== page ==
GAIJIN 5 (GO) - Tokyo Summer Activities
Written by Jeff

5 activities ideas for this Summer!

What fun activities could you during Summer in Tokyo? Here are some ideas for you!
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On this new series 'Gaijin 5 (Go)', I'll be introducing 5 different things for a specific theme every time, from the point of view of a Gaijin living in Tokyo.

This time, we’re talking about things to do in Summer. Just to be clear, we’re ruling out Disney, Summer Festivals, fireworks, and the beach… since there have already been dozens of articles written about those mainstream options already.

*Images used here come from google image search, and they all belong to their respective owners

1.Flyboarding

Rather than looking for a spot on a cramped beach or endlessly getting hit on by men who aren’t your type, strap on one of these babies and experience the closest thing you will to having a jetpack! Prices are normally about 5000 yen for an hour, with about 15 minutes of actual flyboarding. Doesn’t sound too appealing on paper, but it will be a one-of-a-kind experience that you won’t regret trying. At the very least, you’ll get some kick-ass footage and photos to share!

(If you google “Flyboarding Tokyo” you’ll find quite a few options, mostly centered around Chiba and Kamakura.)

2.Trial sessions at ABC cooking studios

Although Summer is largely associated with the outdoors, we do also have some recommendations for those who don’t want to move or sweat it out in the blazing sun. ABC cooking studio offers one-off short trial lesson for first-time non-members, at a mere 500 yen cost. The dishes they teach at these trial courses are changed up every 1 or 2 months, and is a great way to spend an afternoon indoors with a friend or even a date. You get to learn to make a new dish, and also eat what you make at the studio. Past dishes have included stews, bread, desserts… you name it.

The downside however, is that these trial sessions are intended to try and get you to enroll into a longer membership, so only those that can speak Japanese and have a visa for an extended stay in Japan will be allowed to take part. Still, if you meet those conditions, why not give it a try? (they offer more expensive English one-off lessons too!)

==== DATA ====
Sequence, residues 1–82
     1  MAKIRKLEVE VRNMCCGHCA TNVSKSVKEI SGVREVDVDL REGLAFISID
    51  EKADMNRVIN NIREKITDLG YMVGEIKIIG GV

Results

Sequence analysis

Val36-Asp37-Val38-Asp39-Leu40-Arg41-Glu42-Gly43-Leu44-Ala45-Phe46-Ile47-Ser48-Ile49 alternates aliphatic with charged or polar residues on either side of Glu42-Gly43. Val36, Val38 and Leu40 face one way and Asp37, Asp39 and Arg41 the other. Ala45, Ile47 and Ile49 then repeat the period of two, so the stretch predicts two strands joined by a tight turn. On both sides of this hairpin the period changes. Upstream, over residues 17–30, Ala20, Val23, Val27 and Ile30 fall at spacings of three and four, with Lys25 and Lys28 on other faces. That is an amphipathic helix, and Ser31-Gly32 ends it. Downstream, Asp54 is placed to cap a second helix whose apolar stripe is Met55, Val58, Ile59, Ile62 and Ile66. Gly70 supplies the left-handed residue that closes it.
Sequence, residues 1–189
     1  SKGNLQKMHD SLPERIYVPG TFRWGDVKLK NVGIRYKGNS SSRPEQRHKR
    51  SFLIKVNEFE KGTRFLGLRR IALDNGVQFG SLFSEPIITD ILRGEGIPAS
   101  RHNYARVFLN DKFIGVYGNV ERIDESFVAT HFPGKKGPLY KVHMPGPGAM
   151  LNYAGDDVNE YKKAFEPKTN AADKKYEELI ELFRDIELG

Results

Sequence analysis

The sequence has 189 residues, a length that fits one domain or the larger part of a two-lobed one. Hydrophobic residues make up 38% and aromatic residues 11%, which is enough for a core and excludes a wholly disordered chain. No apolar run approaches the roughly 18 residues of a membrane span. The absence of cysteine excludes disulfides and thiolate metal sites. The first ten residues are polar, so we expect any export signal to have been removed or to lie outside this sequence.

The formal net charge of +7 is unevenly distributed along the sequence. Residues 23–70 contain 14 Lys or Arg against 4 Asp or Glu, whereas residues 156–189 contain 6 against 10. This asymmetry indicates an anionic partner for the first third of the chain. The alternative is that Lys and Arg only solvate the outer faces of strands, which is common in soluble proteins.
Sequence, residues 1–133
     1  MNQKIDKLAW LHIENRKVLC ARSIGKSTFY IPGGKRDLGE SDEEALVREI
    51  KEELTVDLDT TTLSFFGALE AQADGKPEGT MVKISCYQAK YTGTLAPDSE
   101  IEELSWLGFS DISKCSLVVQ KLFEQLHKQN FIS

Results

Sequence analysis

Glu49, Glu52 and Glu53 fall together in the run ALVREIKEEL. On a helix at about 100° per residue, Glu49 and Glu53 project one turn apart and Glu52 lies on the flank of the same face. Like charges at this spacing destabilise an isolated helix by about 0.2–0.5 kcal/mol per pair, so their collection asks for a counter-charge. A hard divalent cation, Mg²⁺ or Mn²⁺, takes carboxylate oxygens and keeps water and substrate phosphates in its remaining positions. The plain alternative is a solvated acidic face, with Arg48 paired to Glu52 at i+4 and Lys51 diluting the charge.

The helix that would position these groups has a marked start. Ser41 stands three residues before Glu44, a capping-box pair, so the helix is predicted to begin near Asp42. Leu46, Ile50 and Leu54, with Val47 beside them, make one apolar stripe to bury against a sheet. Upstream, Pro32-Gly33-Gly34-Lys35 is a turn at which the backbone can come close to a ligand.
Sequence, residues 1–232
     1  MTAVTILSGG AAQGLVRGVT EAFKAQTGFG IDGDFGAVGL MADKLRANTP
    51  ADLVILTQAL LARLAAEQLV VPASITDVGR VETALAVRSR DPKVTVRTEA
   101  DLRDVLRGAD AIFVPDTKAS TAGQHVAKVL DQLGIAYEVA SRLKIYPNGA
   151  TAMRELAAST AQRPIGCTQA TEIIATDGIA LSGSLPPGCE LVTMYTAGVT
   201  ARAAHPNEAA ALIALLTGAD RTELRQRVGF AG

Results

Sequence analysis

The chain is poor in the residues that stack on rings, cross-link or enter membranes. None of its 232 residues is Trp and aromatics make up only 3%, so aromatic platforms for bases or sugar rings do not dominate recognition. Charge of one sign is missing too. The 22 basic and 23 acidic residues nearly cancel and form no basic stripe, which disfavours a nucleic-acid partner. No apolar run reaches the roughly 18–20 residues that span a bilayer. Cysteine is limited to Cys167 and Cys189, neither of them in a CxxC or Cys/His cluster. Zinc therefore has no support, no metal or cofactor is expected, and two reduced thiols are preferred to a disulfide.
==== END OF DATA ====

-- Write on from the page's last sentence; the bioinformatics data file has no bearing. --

URL: https://odl.abc-cooking.co.jp/one/

3.Climb Mount Fuji

For most parts of the year, the upper half of Mount Fuji is closed off for safety purposes. With the snow and ice melted however, July-Sept is the one time of the year you can make the climb up the iconic cultural symbol of Japan.

The most common method for this 3776m climb, is to cheat and take a bus or car-ride halfway up the mountain, to the 5th Station. After a quick stop there, you begin the climb up towards the peak at the 10th station. Depending on how your group feels, you may want to make a reservation at one of the inns near the 8th station to “stay the night”, so that you could head out early in the morning and reach the peak just as the sun rises. I will mention however, that lodgings on mount fuji are far from comfortable, and may not be the most economic option.

Surprisingly, the local Japanese very rarely attempt the climb, so if you're persuasive enough, this could be a new experience for you to share.
URL: http://www.fujisan-climb.jp/en/index.html

4.Tokyo Summerland

Perhaps a tad too mainstream to be considered for this list, but given its location, there are still quite a few foreigners in Tokyo that don’t know about the Tokyo Summerland in Hachioji. Given the extreme heat experienced that Tokyoites have had to endure in recent Summers, places like these have increased in popularity. Of course, price and convenience-wise, the local pool/ gym is still the cheapest option if you just want a quick dip, but for those who want an all-round experience with food, drinks and exciting rides with a bunch of friends, this alternative to the beach may be worth your consideration.

Note: unfortunately for our inked readers, those with tattoos are not allowed into the premises

URL: https://www.summerland.co.jp/english/

5.Shop till you drop! (or till your wallet flatlines)

This one’s not so much a recommendation than it is a reminder, but most stores in Japan take advantage of the holidays that students normally have in the Summer and Winter. Meaning that there are usually Summer Sales and Winter Sales that happen during this time. These are centered mostly around department stores and chain stores such as Uniqlo, and are normally held sometimes between July and August. As with any sale, most of the popular items tend to be sold out by the end, so follow your favorite stores on social media, and get ready to dash out at a moments notice!

(…Do you really need a photo for this one…?)

Most of these are more opinion-based rather than official picks, but who knows?
 
Maybe you’ll find something you like!

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    enicee staff climbing Mt. Fuji!

    Our team climbed the Mont Fuji! Read abour our experience and tips for the big climb! . Hi everyone! Jeff from the enicee team here!
I recently had the chance to go climb Mount. Fuji (Mt. Fuji), and this time I decided to take lots of photos so I could show all our users what its like! 
Mt. Fuji is an extremely important symbol and national treasure to Japan, 
so anyone that likes Japanese culture will most likely come here at least once in their lifetime! As mentioned in my article about 5 things to do in Japan during the summer, many Japanese men and Japanese women haven’t had the chance to make this climb, so this would be a good activity for both foreigners and Japanese to experience!

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